Darth Vader's latest video game appearance doesn't do him justice

Darth Vader reaches out to Luke in The Empire Strikes Back
(Image credit: Lucasfilm)

Ever since his first appearance in 1977, Darth Vader has mystified and terrified audiences. The black mask, the eerie sound of his breathing and the deep, resounding tones of James Earl Jones merged to form a cocktail of villainy that would serve to be a favorite on the pop culture menu for years to come. 

Since those early days, Star Wars has become a mammoth sprawl of interconnecting stories and characters, created and curated over the course of decades. Darth Vader has enjoyed numerous iterations across almost every conceivable form of media. As my Darth Vader mug will tell you: the guy gets around. 

However, bringing Star Wars’ most iconic villain into the world of video games has not been without its challenges. Developers who would make the attempt find themselves having to walk a tough line, balancing the concerns of game design on one hand, while preserving and capitalizing on Vader’s air of fear and mystique on the other.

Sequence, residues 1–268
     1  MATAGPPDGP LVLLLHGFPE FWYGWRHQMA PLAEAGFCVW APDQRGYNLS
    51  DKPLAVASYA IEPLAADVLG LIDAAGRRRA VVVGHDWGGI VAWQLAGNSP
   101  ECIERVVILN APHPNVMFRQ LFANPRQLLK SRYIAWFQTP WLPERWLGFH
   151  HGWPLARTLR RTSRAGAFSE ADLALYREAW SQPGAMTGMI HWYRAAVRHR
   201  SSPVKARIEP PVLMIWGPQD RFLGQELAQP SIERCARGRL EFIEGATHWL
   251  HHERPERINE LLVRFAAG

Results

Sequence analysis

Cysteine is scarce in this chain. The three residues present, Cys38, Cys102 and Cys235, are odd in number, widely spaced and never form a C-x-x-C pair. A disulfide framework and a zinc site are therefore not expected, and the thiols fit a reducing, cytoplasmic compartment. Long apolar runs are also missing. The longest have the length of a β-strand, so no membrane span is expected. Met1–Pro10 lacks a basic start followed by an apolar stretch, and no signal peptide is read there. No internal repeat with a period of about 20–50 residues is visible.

Spoilers ahead for Star Wars Jedi: Survivor and Star Wars Jedi: Fallen Order

Star Wars Jedi: Fallen Order did a fantastic job of portraying Vader during the game’s climactic final encounter. Our protagonist, aspiring Jedi Cal Kestis, heads off on a mission to a secret Imperial base, run by the Inquisition – Vader’s body of sinister Jedi-hunters. Eventually, our hero comes face to face with the Sith Lord himself, a setpiece that plays out, not as a traditional boss battle, but as a frantic scramble for survival. 

Plot armor doesn’t seem so far-fetched on Vader, because it is right that the Sith Lord be unkillable